Atonement as Moral Influence
The Ransom Theory
The Penal Substitution Theory

Is the atonement as seen through the lens of how it affects us… how or why we are connected with the God’s work of atonement

The Satisfaction Theory
Sean O Mentioned - Christus Victor
I would add - The Correcting the broken Structure of Authority Theory

These three have more to do with how the atonement affects God, the Devil and creation Powers and principalities of good and evil etc…

I think when we ask this question regarding the atonement… we need to realize that it encompasses the motives behind why it happened, the process by which it happened and the consequences and divine effects and outcomes of it happening. Depending on which aspect you are focused upon often determines which lens you are viewing the work of atonement.

For me, I guess I would say the lens of choice would be:

The Reconciliation Theory which can be summed up in understanding two passages:

Col 1:15 The Son is the image of the invisible God, the firstborn over all creation. 16 For in him all things were created: things in heaven and on earth, visible and invisible, whether thrones or powers or rulers or authorities; all things have been created through him and for him. 17 He is before all things, and in him all things hold together. 18 And he is the head of the body, the church; he is the beginning and the firstborn from among the dead, so that in everything he might have the supremacy. 19 For God was pleased to have all his fullness dwell in him, 20 and through him to reconcile to himself all things, whether things on earth or things in heaven, by making peace through his blood, shed on the cross.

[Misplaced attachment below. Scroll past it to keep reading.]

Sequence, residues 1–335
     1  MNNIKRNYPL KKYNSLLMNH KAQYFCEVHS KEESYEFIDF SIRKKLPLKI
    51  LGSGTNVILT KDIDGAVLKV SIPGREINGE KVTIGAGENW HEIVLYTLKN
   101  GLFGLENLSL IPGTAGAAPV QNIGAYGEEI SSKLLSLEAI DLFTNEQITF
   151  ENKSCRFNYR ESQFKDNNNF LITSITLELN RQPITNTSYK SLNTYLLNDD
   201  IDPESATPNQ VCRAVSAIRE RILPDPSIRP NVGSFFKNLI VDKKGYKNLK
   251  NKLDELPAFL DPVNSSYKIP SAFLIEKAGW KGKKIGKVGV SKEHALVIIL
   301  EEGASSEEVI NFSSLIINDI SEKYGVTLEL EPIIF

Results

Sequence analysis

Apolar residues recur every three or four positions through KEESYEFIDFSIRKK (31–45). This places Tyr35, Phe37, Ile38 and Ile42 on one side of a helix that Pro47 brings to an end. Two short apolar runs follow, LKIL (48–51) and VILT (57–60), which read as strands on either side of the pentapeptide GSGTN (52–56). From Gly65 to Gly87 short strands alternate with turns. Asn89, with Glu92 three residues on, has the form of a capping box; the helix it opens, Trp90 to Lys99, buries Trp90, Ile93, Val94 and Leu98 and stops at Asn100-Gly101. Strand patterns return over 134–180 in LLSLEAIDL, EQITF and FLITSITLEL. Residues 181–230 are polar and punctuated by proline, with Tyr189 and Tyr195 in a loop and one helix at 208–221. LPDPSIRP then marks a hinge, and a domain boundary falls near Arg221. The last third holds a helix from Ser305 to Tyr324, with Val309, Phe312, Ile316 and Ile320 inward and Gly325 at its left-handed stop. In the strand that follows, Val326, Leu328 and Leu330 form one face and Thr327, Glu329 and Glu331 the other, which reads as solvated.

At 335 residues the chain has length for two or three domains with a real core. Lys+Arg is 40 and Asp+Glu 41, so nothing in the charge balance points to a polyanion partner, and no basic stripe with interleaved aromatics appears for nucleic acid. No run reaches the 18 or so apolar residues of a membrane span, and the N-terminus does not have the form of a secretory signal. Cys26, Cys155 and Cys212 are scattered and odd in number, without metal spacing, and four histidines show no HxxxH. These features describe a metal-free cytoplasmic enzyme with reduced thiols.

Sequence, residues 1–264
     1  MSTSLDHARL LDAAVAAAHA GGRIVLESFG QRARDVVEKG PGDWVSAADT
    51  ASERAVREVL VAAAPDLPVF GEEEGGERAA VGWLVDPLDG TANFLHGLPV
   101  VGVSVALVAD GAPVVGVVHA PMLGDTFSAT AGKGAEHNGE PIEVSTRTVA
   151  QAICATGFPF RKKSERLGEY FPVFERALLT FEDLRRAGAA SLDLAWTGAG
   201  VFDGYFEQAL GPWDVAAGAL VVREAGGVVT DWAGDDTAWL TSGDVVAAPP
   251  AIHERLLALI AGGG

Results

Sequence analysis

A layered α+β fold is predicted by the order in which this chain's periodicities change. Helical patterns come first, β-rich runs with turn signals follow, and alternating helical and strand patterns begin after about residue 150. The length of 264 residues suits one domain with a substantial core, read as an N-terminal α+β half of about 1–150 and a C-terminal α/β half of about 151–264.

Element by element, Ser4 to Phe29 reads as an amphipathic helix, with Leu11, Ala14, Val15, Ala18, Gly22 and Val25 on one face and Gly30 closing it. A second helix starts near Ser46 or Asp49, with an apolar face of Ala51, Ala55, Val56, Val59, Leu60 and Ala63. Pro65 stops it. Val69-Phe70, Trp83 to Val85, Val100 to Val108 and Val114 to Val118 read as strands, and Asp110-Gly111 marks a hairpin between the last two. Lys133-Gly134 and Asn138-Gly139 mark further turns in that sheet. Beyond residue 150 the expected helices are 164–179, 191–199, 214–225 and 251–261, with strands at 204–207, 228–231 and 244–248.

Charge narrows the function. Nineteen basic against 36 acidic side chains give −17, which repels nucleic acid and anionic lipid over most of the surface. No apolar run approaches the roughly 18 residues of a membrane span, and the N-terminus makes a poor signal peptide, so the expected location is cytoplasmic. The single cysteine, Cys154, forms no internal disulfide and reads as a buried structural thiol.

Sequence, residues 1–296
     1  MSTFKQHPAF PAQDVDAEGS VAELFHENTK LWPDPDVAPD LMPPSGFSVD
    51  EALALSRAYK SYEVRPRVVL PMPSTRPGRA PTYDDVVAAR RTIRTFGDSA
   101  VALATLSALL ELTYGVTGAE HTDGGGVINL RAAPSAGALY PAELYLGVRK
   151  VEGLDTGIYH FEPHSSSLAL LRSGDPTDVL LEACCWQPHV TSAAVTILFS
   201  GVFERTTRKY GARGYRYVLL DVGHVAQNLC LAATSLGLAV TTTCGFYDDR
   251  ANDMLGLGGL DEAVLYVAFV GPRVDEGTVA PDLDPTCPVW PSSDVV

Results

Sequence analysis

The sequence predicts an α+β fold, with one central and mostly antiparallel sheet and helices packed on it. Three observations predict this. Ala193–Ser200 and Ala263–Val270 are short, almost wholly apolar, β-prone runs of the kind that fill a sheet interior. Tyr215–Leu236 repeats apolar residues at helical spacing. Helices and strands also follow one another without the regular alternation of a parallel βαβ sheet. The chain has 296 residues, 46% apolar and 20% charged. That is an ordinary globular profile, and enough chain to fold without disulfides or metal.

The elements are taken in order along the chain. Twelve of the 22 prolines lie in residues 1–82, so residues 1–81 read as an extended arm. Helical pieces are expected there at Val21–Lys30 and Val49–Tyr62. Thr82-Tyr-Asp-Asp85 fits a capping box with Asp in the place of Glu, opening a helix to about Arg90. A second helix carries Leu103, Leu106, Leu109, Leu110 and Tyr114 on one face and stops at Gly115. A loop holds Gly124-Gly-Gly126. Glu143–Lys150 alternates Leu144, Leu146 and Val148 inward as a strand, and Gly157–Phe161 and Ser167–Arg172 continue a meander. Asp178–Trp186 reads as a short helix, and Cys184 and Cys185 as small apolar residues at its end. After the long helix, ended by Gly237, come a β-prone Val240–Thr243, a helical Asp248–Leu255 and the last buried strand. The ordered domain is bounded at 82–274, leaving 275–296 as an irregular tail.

1 Cor 15:20 But Christ has indeed been raised from the dead, the firstfruits of those who have fallen asleep. 21 For since death came through a man, the resurrection of the dead comes also through a man. 22 For as in Adam all die, so in Christ all will be made alive. 23 But each in turn: Christ, the firstfruits; then, when he comes, those who belong to him. 24 Then the end will come, when he hands over the kingdom to God the Father after he has destroyed all dominion, authority and power. 25 For he must reign until he has put all his enemies under his feet. 26 The last enemy to be destroyed is death. 27 For he “has put everything under his feet.” Now when it says that “everything” has been put under him, it is clear that this does not include God himself, who put everything under Christ. 28 When he has done this, then the Son himself will be made subject to him who put everything under him, so that God may be all in all.

The work of atonement was the motive and process which God would use to destroyed all dominion, authority and power and remove all enemies from His kingdom (creation) and that through Christ He would reconcile to Himself all things, (especially mankind) - where by after the final enemy (death) is destroyed (Rev 20:14) Christ in Rev 20:1-7 makes everything new and gives back to the Father a united, reconciled Kingdom, so that God may be all in all (1 Cor 15:28).

I believe the Reconciliation Theory is all inclusive of the other theories. That the other theories are describing more the details of how the atonement reconciles that part or aspect of God’s creation. Each one taken by itself is incomplete, but taken together, at least for me makes the most sense.

By Him and for Him and to Him,
God bless

@Brian_Upsher Will do! Coming up in just a few hours.

@codyconnally Great to hear! Yes, it is easy to proof text rather than letting the whole meta-narrative of Scripture inform our theology. And that is where I think N. T. Wright really has taught me a lot. Let us know if anything from the book really sticks out to you :slight_smile: